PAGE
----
“Which one do we wear?” He pointed to the right one in the next row and said, “Hat!”
“Show me an animal.” He chirped, “Frog!” and pointed to the right card.
“Something we ride?” “Scooter!”
I shuffled the array of Memory cards on the dining room rug. “Carlos–find something we have at a birthday party.” He searched through the rows of pictures. “Pwesents!”
“Wonderful! Can you find something else that we have at birthday parties?” I tried to light up the little picture of balloons with the power of my stare. He didn’t notice it. Finally, after he had lost interest in that question, I said, “How about the balloons? We have balloons at birthday parties.” He grabbed up the balloon card and pressed it together with the picture of presents. “Ballooooooons!”
I looked up to find that G was watching us from the doorway. He had gone in to work for a few hours while I stayed home with Carlos. I told him, “Hey, watch this!”
I pulled a little alphabet abacus kind of toy over to Carlos and said, “Carlos? What letter is this?”
“Yes! What letter is this?”
“F! Fuh-fuh-fuh…” His attention wandered back to the Memory cards. The toy has a little row of people at the bottom, each with a different numeral from 1-10 and a different facial expression.
“Carlos? Can you find someone who is sad?” He looked up and down the row then poked an image of a girl with a downturned mouth and a tear spouting from her eye. “Nine!”
“Yes! Good job! Can you find someone who looks angry?” He considered carefully then answered, “Six!” Yep. That boy’s eyebrows came together in a sharp V shape and his mouth was a straight line.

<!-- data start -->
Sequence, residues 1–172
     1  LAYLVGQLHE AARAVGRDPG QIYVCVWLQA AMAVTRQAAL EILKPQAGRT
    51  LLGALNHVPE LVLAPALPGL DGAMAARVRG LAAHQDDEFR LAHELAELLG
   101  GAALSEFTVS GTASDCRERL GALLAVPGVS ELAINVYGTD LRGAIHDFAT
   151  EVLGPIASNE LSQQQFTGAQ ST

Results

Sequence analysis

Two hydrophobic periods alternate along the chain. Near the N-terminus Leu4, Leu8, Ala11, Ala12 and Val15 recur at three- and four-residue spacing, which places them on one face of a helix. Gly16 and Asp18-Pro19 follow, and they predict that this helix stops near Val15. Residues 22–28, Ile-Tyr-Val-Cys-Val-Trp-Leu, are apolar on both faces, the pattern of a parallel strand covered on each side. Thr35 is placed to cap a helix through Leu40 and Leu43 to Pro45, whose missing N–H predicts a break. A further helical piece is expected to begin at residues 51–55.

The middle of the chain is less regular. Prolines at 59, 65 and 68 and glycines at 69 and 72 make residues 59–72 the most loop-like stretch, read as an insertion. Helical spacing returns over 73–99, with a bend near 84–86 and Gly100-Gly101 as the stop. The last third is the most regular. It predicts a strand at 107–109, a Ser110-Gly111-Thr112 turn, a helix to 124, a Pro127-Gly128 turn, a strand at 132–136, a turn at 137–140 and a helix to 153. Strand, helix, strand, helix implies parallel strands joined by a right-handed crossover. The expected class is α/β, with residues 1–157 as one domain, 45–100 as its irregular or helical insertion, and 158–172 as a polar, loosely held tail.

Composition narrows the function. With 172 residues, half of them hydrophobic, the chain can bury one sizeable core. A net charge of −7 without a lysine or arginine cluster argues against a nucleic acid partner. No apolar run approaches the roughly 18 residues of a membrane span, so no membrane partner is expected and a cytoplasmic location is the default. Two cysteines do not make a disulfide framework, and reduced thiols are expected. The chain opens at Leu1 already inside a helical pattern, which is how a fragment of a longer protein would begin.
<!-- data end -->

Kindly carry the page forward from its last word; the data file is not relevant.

“Yes! He looks angry. Can you find a silly boy?” He pointed to 10 and mimicked the way the boy was sticking his tongue out of the side of his mouth.
That made G laugh. Carlos hopped up from the rug and ran to give G a hug. That was my sign that our game had come to an end. After Carlos wandered off into the den with the stack of Memory cards crammed into a circus train caboose, G gave me a hug and asked if I was OK.
I said, “I read that report from his last evaluation and got a little nervous about today.” “REALLY?” G snickered and nodded at the dining room.
In the two hours he had been gone, I had turned it into a learning lab. We had played hide and seek in the big cardboard box (cooperative play). We had played Memory (receptive language). We had stacked objects into the train cars (fine motor) and climbed in out around and through the box (gross motor). And all of this while he was bare ass nekkid because it is TIME to get this potty training thing locked up. I even had Sesame Street playing in the other room for good measure. I had the day off and I WAS GOING TO FIX THIS. Whatever it is.
Remember that story I wrote a while back about Carlos having some kind of speech issue–“How Could I Have Missed This?” Today was Chapter Two. Today was the day we took Carlos to the Marcus Autism Center for testing. There–I said it. I said the A-Word.
And guess what?
Maybe, maybe not. If so, not very.
Because, y’know, he’s three and it’s hard to tell at this age.
In the end, the conclusion was “Keep up the good work.” And we’ll go back in six months and see a developmental pediatrician. By then I will either have chilled out a little, or sold the dining room table to buy more flashcards.
As his mom, I am going to do everything in my power to get him what he needs. And I’m going to do everything in my power to understand what is–and isn’t–in my power.